Saturday, March 14, 2015

Seeing is believing . . .



Numbers 15:1–41
John 20:1–31
Psalm 16:1–11

When someone says, “I won’t believe it unless I can see it,” they are putting an additional handicap on blind people. If faith depends on sight, that would mean a blind person could not believe anything!

I believe in many things that I cannot see. A typical example is wind, or electricity, but what about love? Or lies? Or that the woman sitting in front of me is wearing too much perfume? Or that the neighbor’s dog let me know that someone just rang their doorbell? There are ways of knowing that do not involve sight.

However, sight is a big part of knowing, even of knowing God. While He is Spirit and “no man can see Him and live,” He does reveal Himself. Obviously the “seeing” is a matter of the heart, something like “I get it” rather than involving eyeballs, yet look at the visuals or references to seeing in the these Bible verses . . .

The Lord said to Moses, “Speak to the people of Israel, and tell them to make tassels on the corners of their garments throughout their generations, and to put a cord of blue on the tassel of each corner. And it shall be a tassel for you to look at and remember all the commandments of the Lord, to do them, not to follow after your own heart and your own eyes, which you are inclined to whore after. So you shall remember and do all my commandments, and be holy to your God. I am the Lord your God, who brought you out of the land of Egypt to be your God: I am the Lord your God.” (Numbers 15:37–41)

God doesn’t want me to make graven images, but it is okay to have visual reminders of Him and His commandments. I’ve verses on my walls, and a scarlet cord hanging in a window to remind me of His redeeming power.

When the women came and told the disciples that the tomb of Jesus was empty, Peter and John “were running together, but the other disciple outran Peter and reached the tomb first. And stooping to look in, he saw the linen cloths lying there, but he did not go in. Then Simon Peter came, following him, and went into the tomb. He saw the linen cloths lying there, and the face cloth, which had been on Jesus’ head, not lying with the linen cloths but folded up in a place by itself.” (John 20:4–7)

“But Mary stood weeping outside the tomb, and as she wept she stooped to look into the tomb. And she saw two angels in white, sitting where the body of Jesus had lain, one at the head and one at the feet. They said to her, ‘Woman, why are you weeping?’ She said to them, ‘They have taken away my Lord, and I do not know where they have laid him.’” (John 20:11–13)

Would Mary, or Peter and John believe that Jesus had risen from the dead without seeing the empty tomb and later on His resurrected body? Would verbal reports have been enough? They saw Him die; I believe they needed to see Him alive too.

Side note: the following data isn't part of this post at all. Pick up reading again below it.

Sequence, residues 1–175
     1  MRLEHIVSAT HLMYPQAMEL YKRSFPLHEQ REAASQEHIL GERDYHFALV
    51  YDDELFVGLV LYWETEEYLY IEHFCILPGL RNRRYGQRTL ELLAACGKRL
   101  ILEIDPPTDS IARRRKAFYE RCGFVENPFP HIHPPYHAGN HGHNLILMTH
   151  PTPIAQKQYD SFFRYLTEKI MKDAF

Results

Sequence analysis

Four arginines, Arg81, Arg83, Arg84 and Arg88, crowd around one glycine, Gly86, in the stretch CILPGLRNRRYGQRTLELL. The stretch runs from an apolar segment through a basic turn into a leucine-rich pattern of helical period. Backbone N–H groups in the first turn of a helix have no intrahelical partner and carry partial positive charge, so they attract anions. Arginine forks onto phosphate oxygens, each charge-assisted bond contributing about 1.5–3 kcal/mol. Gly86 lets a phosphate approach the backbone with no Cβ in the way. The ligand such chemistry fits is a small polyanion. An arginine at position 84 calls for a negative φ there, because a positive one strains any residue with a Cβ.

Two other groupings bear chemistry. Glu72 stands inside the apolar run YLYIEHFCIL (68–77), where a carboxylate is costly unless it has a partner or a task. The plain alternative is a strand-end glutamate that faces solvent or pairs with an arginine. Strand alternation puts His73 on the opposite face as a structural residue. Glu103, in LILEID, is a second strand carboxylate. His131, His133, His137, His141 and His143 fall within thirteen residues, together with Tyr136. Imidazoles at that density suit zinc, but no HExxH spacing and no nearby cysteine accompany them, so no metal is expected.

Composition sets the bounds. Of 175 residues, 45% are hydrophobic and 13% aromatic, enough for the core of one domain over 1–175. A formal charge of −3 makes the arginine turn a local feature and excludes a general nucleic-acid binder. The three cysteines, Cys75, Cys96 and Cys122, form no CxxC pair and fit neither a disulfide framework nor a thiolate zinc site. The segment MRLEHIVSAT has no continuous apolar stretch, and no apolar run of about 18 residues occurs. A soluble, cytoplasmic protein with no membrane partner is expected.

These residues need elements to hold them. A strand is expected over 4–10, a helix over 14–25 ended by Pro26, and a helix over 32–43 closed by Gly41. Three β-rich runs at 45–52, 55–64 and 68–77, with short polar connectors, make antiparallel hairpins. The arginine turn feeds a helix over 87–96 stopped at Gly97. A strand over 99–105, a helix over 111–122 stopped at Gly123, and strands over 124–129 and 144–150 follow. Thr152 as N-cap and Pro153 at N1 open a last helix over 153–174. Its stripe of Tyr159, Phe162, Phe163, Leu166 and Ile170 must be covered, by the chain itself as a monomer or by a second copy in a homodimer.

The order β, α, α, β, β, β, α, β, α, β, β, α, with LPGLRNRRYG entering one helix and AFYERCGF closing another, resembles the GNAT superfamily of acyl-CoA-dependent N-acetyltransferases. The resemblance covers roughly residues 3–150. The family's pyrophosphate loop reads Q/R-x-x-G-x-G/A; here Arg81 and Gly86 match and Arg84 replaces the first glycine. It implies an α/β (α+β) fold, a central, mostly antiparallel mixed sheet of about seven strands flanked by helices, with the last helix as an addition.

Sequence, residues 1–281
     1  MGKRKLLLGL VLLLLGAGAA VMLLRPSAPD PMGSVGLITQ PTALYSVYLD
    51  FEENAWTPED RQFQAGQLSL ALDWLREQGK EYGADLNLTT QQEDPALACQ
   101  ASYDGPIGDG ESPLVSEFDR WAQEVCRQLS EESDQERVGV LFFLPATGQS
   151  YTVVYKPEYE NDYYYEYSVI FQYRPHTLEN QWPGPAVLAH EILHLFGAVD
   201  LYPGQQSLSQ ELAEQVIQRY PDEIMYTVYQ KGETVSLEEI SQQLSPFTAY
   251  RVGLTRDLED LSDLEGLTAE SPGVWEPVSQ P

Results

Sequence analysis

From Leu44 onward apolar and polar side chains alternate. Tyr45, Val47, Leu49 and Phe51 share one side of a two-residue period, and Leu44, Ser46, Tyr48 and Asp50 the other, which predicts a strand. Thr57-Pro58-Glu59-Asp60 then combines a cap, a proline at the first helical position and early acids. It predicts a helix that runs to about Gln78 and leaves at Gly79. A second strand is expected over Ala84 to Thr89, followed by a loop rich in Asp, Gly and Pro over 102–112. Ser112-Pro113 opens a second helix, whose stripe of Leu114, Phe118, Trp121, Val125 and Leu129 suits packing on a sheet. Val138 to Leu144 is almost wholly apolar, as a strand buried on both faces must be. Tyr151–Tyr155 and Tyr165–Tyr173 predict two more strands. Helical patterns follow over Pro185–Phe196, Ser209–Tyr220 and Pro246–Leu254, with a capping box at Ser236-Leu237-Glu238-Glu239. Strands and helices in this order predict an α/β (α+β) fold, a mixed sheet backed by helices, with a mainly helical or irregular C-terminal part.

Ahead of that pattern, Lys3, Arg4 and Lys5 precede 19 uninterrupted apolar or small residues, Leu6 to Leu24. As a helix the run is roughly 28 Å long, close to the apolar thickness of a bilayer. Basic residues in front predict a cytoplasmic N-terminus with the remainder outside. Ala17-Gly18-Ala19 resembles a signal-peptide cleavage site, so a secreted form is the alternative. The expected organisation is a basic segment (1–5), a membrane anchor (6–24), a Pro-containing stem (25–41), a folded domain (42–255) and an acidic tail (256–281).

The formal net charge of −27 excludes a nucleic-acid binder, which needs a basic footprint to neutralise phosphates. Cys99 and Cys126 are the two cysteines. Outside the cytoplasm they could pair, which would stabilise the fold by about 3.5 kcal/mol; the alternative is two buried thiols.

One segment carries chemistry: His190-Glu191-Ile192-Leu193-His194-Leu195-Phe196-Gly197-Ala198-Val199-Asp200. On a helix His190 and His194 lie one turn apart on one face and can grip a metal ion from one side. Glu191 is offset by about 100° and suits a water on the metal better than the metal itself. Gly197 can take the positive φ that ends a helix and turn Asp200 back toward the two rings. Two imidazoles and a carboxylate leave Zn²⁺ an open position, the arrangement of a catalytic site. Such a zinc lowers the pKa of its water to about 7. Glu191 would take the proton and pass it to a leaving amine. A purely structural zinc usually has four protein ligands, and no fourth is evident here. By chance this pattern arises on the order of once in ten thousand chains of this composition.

As for now, faith enables me to ‘see’ the living Christ, but for those who were first to witness His resurrection, physically seeing Him was vital. They would be telling the world and visible evidence would be important.

Thomas wasn’t there with the others during that first ‘into the room with the locked door’ appearance of Jesus. This disciple was the original author of “Unless I see, I will not believe.” Jesus knew Thomas well. He didn’t make him take everyone else’s word for it, but appeared to Thomas, let him touch Him, and then Thomas believed. Afterward, Jesus said to him, “Have you believed because you have seen me? Blessed are those who have not seen and yet have believed.” (John 20:29)

I’m one of those who didn’t physically see Jesus, yet have believed. Part of my evidence is the written Word of God. John explained why he wrote his part of that Word: “Now Jesus did many other signs in the presence of the disciples, which are not written in this book; but these are written so that you may believe that Jesus is the Christ, the Son of God, and that by believing you may have life in his name.” (John 20:30–31)

Because of what these verses say, and because of the disciples’ experience and my own experience, I know that seeing and faith do not go hand in hand. It is possible to believe because of seeing, and possible to believe without seeing. Either way, saying “I get it” before God will always result in a blessing.

Yet reminders are good, both visual and in the imagination. The psalmist said, “I have set the Lord always before me; because he is at my right hand, I shall not be shaken.” (Psalm 16:8) From what I see in the Word of God, even if I lost my sight, I could still put Him before me, know He is with me, and be able to stand firm in my faith.



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